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Incident at Heathrow

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Incident at Heathrow

Old 5th Jun 2013, 17:19
  #961 (permalink)  
 
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I'm afraid I disagree with Mr Leahy.


(John Leahy, the chief operating officer of Airbus, said that the number of incidents was small and the company had no plans at the present time to review the engine latches. "You just have to follow appropriate maintenance. People have to be careful.

"Every two seconds a [A320 family Airbus] plane is taking off or landing.")

The safety of the aircraft seems to depend upon a task which appears to be troublesome and difficult in certain circumstances, and which is definitely subject to human frailty.

Hence the latching system design is not fit for purpose and should be redesigned even if this leads to expenditure,

Mr Leahy should be rolling his sleeves up and fixing the problem.

The fact that an Airbus takes off every two seconds or whatever merely emphasises the need for action before the numbers game catches up again.
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Old 5th Jun 2013, 17:37
  #962 (permalink)  
 
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CAAAD

There is nothing wrong with the cowling latches on the A320 and it has a good safety record, to the best of my knowlage no properly secured cowl has ever departed the aircraft.

So lets start looking for the underlying reasons for the failure to secure these cowls and not rush to mandate another expensive mechanical system to solve this problem.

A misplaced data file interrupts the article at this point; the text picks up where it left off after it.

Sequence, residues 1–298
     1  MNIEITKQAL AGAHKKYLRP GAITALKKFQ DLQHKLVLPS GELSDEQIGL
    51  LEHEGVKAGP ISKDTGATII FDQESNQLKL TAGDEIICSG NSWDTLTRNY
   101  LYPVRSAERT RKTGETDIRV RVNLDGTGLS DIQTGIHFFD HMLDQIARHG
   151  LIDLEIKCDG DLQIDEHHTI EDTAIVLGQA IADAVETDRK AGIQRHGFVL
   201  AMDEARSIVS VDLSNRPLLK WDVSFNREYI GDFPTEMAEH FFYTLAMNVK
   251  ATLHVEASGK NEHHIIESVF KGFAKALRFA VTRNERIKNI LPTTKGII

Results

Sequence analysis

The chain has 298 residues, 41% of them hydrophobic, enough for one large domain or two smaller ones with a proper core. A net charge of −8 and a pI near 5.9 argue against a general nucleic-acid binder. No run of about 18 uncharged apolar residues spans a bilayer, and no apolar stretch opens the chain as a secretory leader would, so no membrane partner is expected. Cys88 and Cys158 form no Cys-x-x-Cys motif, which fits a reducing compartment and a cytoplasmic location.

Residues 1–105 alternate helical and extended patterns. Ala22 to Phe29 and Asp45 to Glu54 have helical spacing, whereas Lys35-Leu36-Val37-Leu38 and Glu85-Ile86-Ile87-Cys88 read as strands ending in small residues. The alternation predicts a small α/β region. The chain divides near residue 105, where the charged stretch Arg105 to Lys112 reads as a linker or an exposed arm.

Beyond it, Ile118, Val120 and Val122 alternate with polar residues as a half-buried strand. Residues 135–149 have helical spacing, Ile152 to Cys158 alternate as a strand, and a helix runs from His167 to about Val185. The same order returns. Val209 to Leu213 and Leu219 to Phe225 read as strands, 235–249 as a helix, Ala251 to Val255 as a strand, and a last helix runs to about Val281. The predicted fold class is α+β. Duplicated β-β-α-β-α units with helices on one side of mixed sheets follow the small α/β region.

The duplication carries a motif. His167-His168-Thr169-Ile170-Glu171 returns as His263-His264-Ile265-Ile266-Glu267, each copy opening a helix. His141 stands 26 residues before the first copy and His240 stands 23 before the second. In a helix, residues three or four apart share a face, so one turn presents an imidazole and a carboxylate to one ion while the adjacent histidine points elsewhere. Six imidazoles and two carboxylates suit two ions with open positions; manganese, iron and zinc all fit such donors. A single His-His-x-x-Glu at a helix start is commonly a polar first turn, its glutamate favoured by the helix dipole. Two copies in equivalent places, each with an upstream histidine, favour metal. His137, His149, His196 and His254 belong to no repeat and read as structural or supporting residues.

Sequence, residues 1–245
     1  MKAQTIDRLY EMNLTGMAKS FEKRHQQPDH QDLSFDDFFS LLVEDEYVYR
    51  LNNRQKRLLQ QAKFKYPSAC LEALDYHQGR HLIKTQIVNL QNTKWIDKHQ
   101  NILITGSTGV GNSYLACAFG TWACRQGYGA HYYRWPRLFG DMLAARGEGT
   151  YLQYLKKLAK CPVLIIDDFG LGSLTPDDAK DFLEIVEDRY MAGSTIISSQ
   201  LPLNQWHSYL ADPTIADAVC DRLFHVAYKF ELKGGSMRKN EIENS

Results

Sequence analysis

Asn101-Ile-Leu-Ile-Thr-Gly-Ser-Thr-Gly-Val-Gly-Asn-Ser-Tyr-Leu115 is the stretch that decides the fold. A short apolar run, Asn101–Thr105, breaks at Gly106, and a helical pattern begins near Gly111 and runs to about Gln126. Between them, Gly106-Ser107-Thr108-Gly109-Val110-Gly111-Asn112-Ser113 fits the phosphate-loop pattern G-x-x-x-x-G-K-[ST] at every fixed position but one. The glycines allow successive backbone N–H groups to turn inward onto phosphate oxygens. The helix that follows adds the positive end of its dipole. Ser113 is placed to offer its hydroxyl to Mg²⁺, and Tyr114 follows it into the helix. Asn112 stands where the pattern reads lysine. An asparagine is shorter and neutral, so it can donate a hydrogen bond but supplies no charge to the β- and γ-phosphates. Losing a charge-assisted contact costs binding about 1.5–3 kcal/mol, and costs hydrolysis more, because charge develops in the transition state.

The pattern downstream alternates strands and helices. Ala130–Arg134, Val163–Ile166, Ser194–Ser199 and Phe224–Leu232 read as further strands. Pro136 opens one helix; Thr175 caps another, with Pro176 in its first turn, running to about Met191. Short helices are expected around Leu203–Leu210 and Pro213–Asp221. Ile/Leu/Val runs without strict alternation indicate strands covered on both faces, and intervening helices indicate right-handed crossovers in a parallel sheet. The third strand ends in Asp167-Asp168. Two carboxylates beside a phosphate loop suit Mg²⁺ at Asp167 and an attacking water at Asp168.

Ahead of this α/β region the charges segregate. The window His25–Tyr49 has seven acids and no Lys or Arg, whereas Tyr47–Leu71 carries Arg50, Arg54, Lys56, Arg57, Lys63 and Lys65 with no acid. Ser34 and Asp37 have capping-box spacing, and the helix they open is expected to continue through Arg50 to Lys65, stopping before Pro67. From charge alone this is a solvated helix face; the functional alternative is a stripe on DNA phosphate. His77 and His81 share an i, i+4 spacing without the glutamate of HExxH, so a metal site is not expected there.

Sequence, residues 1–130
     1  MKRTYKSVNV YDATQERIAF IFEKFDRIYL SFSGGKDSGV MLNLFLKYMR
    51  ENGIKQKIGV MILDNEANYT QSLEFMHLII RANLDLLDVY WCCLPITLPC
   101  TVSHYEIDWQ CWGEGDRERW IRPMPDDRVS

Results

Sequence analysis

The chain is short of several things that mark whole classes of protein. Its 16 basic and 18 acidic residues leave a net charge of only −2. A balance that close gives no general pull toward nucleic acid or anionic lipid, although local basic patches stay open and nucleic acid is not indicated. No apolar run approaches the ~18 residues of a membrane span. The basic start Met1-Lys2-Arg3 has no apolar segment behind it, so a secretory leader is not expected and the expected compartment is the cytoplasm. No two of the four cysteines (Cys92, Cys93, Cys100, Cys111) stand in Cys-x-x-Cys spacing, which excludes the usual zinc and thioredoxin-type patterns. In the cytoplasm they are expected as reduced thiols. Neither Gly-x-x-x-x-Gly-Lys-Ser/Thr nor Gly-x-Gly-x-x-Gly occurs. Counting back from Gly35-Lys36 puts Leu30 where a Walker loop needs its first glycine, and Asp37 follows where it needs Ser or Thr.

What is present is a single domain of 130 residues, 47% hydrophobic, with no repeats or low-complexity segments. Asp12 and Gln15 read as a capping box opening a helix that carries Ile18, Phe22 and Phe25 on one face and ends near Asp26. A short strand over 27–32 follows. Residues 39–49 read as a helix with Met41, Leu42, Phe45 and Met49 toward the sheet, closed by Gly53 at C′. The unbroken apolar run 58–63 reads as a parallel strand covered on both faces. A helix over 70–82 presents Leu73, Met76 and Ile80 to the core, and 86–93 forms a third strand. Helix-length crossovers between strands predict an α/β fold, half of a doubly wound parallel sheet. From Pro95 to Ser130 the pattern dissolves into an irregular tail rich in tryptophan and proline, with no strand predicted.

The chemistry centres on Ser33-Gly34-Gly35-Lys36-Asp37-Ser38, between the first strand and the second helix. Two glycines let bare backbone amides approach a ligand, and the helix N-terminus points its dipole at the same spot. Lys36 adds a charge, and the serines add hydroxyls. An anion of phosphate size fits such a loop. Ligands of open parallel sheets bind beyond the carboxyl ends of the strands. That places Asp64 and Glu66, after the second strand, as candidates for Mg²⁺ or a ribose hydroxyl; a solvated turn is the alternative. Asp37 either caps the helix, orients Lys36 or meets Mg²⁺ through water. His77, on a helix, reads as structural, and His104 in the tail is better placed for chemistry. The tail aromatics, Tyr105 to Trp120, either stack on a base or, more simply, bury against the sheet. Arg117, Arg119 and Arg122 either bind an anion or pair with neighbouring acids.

Your solution to the problem will only secure A320 cowls, a look into the underlying problems will improve the whole maintenance system and is likely to also identify other issues that are not related to A320 cowls.
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Old 5th Jun 2013, 18:00
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Correct A and C the method of latching the fan cowls on this aircraft is no different than any other engine whether that be a RR GE PW or a CFM they all employ virtually identical methods.
The only difference is some aircraft have a lot more ground clearance which makes seeing a latch that is unlocked far easier during a walk round
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Old 5th Jun 2013, 18:05
  #964 (permalink)  
 
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Like many things in our lives the guarantee on a product is not good unless used as directed in the Manf specifications.

OK, history has told us that the manf. specifications were not clear enough or easy to comply. Thus the Manf. updated his info with a later SB.

I'm waiting for the AAIB to tell me if it was complied with, if not, why not?
about this. Resurrecting old history, pre-service Bulletin, is not appropriate to these questions.
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Old 5th Jun 2013, 18:44
  #965 (permalink)  
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I feel that once the full report is issued,we may see a lot of references to "Human Factors" in future case studies of this incident.Let us wait and see the full facts in the report.
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Old 5th Jun 2013, 19:33
  #966 (permalink)  
 
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gatbusdriver

None of those items are part of the pre-flight external check of the aircraft. The fan cowl door latches are.